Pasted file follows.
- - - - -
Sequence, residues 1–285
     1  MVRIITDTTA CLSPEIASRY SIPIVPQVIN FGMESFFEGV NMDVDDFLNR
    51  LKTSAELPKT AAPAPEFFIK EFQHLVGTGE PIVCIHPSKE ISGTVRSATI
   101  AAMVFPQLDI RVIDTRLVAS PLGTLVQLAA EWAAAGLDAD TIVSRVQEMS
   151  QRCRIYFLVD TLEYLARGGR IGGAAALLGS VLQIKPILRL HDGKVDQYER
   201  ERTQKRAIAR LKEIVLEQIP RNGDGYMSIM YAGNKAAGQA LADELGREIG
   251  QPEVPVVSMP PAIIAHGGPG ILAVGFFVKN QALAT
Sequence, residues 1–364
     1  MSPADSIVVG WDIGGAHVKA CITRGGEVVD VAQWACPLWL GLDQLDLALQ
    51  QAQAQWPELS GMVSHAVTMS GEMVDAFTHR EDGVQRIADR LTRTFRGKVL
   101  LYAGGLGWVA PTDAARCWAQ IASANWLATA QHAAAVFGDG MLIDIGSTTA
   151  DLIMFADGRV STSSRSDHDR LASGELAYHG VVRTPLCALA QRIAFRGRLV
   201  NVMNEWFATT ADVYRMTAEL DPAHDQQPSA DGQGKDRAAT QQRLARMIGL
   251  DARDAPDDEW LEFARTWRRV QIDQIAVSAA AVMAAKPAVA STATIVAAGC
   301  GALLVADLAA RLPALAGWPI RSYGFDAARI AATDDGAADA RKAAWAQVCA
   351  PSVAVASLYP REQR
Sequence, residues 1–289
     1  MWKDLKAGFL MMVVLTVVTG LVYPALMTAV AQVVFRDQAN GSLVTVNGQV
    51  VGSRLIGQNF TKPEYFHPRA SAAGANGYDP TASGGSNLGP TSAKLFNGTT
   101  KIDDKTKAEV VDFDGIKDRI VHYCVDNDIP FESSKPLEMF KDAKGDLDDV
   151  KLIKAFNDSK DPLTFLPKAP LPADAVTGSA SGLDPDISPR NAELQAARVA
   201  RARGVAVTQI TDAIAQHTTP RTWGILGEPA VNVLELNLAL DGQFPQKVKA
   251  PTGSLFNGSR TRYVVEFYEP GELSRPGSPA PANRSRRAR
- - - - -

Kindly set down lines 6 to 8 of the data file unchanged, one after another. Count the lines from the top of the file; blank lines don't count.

   201  ERTQKRAIAR LKEIVLEQIP RNGDGYMSIM YAGNKAAGQA LADELGREIG
   251  QPEVPVVSMP PAIIAHGGPG ILAVGFFVKN QALAT
Sequence, residues 1–364